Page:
While the pandemic has created many opportunities for improving indoor air quality in our homes and workplaces, there is a hidden danger: disinfection. While disinfection is clearly necessary to combat the coronavirus, the ubiquitous use of disinfectant products has elevated the severity of indoor air pollution, especially for the cleaning crews breathing in these chemicals daily.
A note on disinfection vs. sanitization
For this article, we will be referring mainly to disinfection rather than sanitization.
What’s the difference? Disinfection is more strict than sanitization, and the term ‘disinfectant’ solely refers to microbicidal substances, not products that clean up dirt or grease. Sanitizers can be used for both purposes, cleaning and disinfecting, and are weaker than disinfectants. Given the context of COVID-19, the indoor air quality issues created by disinfectants will be similar to those created by sanitizers, but usually more severe.
How Do Disinfectant Products Harm Indoor Air Quality?
The main concern with disinfectants is that they release volatile organic compounds and other chemical vapors. Substances that contain ammonia or bleach are especially hazardous.
Alcohol-based disinfectants generally have one of two active ingredients: isopropanol or ethanol.
Isopropanol, or isopropyl alcohol, is a colorless, flammable substance. Isopropanol also has a strong smell, even when diluted, that is familiar to many; isopropanol is the main ingredient in rubbing alcohol. Inhaling the vapors from isopropanol can irritate the nose and throat, creating more severe symptoms such as headache, dizziness, and confusion with high exposure. Ethanol, a common ingredient in hand sanitizers, can also impact vision and concentration at high levels.
Ammonia (NH3) is a highly dangerous substance to inhale, resulting in eye, nose, and throat irritation at low levels and respiratory distress or failure at higher levels. Not only do ammonia-based products off-gas ammonia, but they also aren’t sufficient as disinfectants and shouldn’t be used as disinfectants during the pandemic.
Quaternary ammonium compounds (QACs or quats), however, do serve as effectual disinfectants. QACs are cationic surfactants that have bactericidal and virucidal properties effective against SARS-CoV-2. QACs are known to both cause and exacerbate asthma, but are generally considered safer alternatives to chlorine-based bleach, which we will discuss next.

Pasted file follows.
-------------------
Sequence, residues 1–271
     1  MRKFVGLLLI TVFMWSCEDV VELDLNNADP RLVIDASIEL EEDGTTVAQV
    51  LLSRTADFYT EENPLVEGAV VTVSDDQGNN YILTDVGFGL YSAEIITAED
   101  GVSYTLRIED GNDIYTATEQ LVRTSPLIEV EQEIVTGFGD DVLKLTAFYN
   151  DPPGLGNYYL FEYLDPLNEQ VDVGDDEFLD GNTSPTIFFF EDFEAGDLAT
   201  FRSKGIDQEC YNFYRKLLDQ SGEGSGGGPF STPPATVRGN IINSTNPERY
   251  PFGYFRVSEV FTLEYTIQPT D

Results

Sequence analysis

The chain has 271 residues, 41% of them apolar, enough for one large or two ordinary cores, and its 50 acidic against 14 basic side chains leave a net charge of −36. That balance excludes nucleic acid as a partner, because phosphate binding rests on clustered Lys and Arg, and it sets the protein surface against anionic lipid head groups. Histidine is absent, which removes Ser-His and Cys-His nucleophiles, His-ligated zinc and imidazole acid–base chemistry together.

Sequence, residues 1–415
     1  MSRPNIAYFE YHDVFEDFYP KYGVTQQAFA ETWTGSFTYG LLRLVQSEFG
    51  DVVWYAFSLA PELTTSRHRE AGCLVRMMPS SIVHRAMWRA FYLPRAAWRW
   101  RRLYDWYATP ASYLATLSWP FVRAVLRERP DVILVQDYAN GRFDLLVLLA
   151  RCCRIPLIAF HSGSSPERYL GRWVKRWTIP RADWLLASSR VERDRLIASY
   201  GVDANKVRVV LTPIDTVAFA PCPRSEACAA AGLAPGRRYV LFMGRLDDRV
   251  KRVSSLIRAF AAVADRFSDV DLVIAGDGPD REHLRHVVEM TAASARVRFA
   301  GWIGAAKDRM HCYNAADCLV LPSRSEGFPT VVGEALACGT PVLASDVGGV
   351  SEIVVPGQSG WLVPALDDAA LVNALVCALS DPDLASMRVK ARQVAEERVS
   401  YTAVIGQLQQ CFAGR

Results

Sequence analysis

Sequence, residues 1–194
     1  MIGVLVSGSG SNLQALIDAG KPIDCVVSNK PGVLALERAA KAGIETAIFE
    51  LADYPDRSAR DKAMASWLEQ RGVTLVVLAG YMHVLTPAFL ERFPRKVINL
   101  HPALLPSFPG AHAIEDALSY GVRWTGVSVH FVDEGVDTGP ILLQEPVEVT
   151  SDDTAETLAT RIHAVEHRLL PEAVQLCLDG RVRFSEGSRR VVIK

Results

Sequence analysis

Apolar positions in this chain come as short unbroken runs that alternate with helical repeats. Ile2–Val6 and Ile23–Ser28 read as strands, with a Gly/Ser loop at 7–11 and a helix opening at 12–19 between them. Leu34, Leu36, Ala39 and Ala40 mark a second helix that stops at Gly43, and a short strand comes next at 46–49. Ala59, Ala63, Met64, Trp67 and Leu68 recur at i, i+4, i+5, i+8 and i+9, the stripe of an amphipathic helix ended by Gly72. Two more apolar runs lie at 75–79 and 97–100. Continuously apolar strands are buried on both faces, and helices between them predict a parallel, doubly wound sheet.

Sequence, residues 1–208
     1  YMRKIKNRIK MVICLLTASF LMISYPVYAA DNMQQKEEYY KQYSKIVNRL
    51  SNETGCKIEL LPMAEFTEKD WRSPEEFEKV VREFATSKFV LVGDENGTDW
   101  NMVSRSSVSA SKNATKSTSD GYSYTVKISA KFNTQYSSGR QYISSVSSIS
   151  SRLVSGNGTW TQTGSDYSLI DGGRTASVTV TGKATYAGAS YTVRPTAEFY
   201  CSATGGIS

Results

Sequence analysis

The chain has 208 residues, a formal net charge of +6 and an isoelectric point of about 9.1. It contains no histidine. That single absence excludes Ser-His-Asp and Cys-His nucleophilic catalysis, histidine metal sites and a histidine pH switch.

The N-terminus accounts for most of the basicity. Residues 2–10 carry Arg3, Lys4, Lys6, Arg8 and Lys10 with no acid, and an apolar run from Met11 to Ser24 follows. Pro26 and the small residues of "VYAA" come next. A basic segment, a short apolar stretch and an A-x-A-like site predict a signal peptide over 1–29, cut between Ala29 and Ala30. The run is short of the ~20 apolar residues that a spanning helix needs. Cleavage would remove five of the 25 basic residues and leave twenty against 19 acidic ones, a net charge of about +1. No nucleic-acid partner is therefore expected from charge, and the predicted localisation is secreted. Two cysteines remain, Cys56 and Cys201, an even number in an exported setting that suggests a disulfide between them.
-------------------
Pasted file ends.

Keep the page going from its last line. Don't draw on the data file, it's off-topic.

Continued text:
Chlorine-based bleach, often with the active ingredient of sodium hypochlorite, is a popular and effective ingredient in many disinfectant products. The indoor air quality hazard posed by this chemical has been known for years.
If you are using bleach-containing products to disinfect, ventilate with as much fresh air as possible to dilute the chemical fumes.
Not only can these products emit halogenated volatile organic compounds, including chloroform and carbon tetrachloride (a probable human carcinogen), but these VOCs can also react to form indoor particulate matter. Needless to say, chlorine-based bleach products can pose an enormous indoor air quality threat, especially without proper safety precautions.
Because of the well-known dangers of chlorine-based bleaches, hydrogen-peroxide-based products were developed as safer alternatives. However, a study lead by the University of Saskatchewan determined that hydrogen peroxide-based disinfectants created indoor air pollution far above acceptable limits. After mopping floors with 0.88% hydrogen peroxide solutions, airborne hydrogen peroxide levels rose to over 600 ppb, 600 times higher than fresh air levels.
Despite the harms posed by hydrogen-peroxide-containing products, these substances are still a better alternative to both ammonia- and chlorine-based disinfectants. Airborne hydrogen peroxide and hydroxyl are both less harmful than chlorine and ammonia, but safety precautions still need to be utilized.
Risk-Minimizing Actions for COVID-19 Disinfecting Protocols
While disinfectants pose a significant threat to our health because of their negative impacts on indoor air quality, they are a necessary component of any COVID-19 containment plan. Fortunately, there are several steps we can take to making disinfection safer, including:
- 1. Increasing the flow of outdoor air, either through higher ventilation rates or manually through opening windows
- 2. Substituting chemical products with hot water and soap, when possible
- 3. Disinfecting at times with low building occupancy
- 4. Monitoring indoor TVOC and particulate matter levels to ensure indoor air pollutants do not exceed safety thresholds
- This article was created by Dianna Smith